8 books you must read before watching the film adaptation

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Full of dramatic twists and turns, many of our most popular books are forever being turned into film adaptations, including the recent release of Little Women.

But as enjoyable as movies are, sometimes it's just not the same as reading the novel.

To ensure you don’t miss out on those crucial plot points, here are 8 books you should read before going to watch the movie adaptation.

Little Women by Louisa M Alcott

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The timeless classic is soon to hit the big screens, but this book needs to be read before being experienced as a movie. You will quickly fall in love with the four main characters – sisters Jo, Beth, Meg and Amy who illustrate the struggle of being a woman in the 1860’s. Set in a small New England town during the Civil War, the novel takes you on an emotional journey that will leave you hooked until the very end.

Gone Girl by Gillian Flynn

Gone Girl by Gillian Flynn

A novel filled with crime, suspense and deep dark secrets that will keep you guessing from the very beginning. The book is based on the marriage of characters Nick and Amy Dunne, which seems enviably perfect, until Amy goes missing from their home in Missouri without a single trace. As secrets begin to unfold, Amy’s mysterious disappearance leaves her husband as the prime suspect to blame. Is Nick capable of murder? Gone Girl is an exciting thriller that you will want to read in one sitting.

The Great Gatsby by F. Scott Fitzgerald

The Great Gatsby by F. Scott Fitzgerald

The Great Gatsby is another classic set in the 1920’s during the ‘Jazz Age’. The main character Jay Gatsby is surrounded by wealthy socialites in the fictional area of West Egg. The novel reveals the characters’ obsession with money and status, as Gatsby tries to impress Daisy Buchanan by hosting extravagant parties every weekend. Although Gatsby seems to have it all – money, popularity and charmingly good looks – he remains void of the one thing he wants the most, true love.

The Help by Kathryn Stockett

The Help by Kathryn Stockett

Kathryn Scott’s debut novel is set in Mississippi during the summer of 1962 and explores the lives of three ordinary women – Aibleen, Skeeter and Minny. The book tells the story of black maids, Aibleen and Minny, who work for white high-class families. Skeeter, a daughter of the Southern family Aibleen works for, struggles with the boundaries set on her as a white female. Each character confronts the issues of race, social class and gender as these women have more in common than they realised.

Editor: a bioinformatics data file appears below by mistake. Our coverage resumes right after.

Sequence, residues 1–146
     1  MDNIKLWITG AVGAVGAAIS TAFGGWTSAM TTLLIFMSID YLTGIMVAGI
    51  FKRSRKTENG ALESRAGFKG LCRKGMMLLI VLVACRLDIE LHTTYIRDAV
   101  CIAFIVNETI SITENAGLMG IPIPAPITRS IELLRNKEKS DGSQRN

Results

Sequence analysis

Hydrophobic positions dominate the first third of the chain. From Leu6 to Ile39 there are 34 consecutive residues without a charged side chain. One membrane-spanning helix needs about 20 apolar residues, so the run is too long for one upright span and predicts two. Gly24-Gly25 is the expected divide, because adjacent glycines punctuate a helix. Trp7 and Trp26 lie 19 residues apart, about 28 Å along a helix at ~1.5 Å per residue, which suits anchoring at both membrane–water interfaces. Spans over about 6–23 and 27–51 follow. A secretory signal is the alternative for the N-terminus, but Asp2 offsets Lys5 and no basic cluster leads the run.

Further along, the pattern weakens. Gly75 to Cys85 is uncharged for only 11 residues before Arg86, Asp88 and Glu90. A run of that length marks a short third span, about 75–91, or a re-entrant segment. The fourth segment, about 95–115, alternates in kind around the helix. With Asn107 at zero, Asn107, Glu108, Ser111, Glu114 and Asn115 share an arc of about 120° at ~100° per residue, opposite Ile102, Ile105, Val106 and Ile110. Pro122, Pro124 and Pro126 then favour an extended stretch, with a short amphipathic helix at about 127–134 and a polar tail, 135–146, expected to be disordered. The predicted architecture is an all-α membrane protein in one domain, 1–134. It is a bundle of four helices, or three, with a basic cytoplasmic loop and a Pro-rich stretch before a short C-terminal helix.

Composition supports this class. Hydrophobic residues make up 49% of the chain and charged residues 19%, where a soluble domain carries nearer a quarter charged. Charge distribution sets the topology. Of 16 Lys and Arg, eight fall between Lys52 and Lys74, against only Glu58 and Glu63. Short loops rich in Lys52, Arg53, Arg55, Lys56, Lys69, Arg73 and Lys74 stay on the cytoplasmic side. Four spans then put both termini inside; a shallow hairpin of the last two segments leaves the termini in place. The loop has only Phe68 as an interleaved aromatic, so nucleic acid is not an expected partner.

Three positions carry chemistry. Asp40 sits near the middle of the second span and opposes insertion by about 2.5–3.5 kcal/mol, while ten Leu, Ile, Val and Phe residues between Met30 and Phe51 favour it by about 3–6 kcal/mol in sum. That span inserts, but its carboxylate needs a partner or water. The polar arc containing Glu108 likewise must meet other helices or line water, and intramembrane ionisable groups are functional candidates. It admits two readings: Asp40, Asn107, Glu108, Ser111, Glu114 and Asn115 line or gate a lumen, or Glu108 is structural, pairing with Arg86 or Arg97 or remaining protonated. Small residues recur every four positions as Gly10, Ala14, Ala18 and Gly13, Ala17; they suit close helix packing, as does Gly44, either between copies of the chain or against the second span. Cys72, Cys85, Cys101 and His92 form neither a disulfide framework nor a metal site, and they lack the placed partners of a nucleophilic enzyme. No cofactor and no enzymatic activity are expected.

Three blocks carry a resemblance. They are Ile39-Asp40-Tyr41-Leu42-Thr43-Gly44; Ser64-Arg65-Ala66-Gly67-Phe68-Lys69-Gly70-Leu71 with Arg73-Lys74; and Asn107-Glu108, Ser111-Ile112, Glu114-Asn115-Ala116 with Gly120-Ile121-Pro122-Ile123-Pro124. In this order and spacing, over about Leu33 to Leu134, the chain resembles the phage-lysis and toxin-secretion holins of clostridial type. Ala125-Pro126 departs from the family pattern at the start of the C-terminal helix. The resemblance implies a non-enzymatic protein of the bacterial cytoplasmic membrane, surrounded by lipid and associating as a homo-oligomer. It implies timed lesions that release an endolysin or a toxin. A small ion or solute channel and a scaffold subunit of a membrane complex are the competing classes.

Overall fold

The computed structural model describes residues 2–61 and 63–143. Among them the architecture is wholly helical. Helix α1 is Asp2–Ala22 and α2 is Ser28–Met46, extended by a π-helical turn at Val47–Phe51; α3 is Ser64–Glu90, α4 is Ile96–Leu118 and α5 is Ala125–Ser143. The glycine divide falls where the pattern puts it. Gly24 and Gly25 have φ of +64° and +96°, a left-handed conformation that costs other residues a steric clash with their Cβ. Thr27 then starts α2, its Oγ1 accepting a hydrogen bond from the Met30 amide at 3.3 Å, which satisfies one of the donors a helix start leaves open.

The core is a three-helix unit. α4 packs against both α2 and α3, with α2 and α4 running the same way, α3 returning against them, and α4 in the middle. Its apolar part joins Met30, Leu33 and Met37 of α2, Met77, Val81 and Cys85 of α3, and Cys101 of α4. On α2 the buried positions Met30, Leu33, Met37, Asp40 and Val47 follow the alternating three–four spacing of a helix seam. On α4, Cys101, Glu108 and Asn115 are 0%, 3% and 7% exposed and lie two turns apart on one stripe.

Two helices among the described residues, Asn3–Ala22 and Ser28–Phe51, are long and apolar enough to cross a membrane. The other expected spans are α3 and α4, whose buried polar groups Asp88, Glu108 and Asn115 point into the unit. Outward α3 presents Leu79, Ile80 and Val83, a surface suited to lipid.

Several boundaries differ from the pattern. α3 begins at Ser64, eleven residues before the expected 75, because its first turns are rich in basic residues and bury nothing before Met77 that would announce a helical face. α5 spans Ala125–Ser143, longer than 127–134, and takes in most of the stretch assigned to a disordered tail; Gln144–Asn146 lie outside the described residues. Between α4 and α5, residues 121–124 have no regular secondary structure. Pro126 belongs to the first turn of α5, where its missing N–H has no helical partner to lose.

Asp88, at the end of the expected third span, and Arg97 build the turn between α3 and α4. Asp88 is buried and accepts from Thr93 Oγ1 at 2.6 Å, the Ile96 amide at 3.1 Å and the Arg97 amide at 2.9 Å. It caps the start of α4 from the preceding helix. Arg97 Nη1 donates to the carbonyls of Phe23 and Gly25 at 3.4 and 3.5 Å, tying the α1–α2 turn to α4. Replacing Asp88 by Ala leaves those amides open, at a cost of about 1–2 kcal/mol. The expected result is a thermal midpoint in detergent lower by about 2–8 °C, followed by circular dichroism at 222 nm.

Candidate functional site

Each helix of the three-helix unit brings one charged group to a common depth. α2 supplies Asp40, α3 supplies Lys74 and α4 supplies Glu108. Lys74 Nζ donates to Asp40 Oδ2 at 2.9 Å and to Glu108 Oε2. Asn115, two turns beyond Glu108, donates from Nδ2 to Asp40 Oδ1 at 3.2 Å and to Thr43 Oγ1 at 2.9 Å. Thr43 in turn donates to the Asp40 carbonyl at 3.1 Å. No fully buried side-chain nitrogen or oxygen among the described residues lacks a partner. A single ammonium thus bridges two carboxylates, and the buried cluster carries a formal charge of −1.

P.S. I Love You by Cecelia Ahern

P.S. I Love You by Cecelia Ahern

Cecelia Ahern’s debut novel lives up to the hype by becoming a number one best seller. The captivating novel will tug on your heartstrings as you read about the life of Holly, an Irish widow who is heartbroken when she loses her husband Gerry to a terminal illness. Unable to cope without the love of her life, Holly starts receiving romantic letters written by her husband before he died, teaching her that life must go on. The novel is a must read for all ages, filled with moments that will make you laugh while also making you cry.

The Girl on the Train by Paula Hawkins

A psychological thriller that tells the story of three women who all live troubled lives – Rachel, Anna and Megan. The main character Rachel Watson is an alcoholic whose marriage has broken down and spends her days travelling on the same train commute. Rachel begins to become obsessed with a couple whose house she passes daily and wistfully longs for their ‘perfect’ marriage. One day Rachel witnesses something shockingly disturbing and suddenly Rachel, Anna and Megans’ lives all become intertwined. There were many changes made for the film which left some fans disappointed, but the book was highly praised for it’s intense and enticing storyline.

My Sisters Keeper by Jodi Picoult

Another emotional novel that explores the lives of sisters Kate and Anna. Kate has been battling leukaemia since she was a young child, but Anna has been her lifesaver – born as a product of genetic alteration to help keep her sister alive. Although Anna isn’t sick, she has undergone operations and procedures from when she was a new-born. As Anna realises her life is no longer hers, she decides to do the unimaginable, even at the risk of tearing her whole family apart. The novel’s ending is different than the movie so be prepared for two emotional experiences.

Pride and Prejudice by Jane Austen

Pride and Prejudice by Jane Austen

A classic romantic novel written in 1813 that explores the life of heroine Elizabeth Bennet. The book illustrates the reality of being a woman during the 19th Century and deals with the challenges faced through the love story of Elizabeth and Mr Darcy. Fuelled with humour, the novel depicts society’s expectations on marriage, education and status at a time where Elizabeth must learn to find out who she truly is.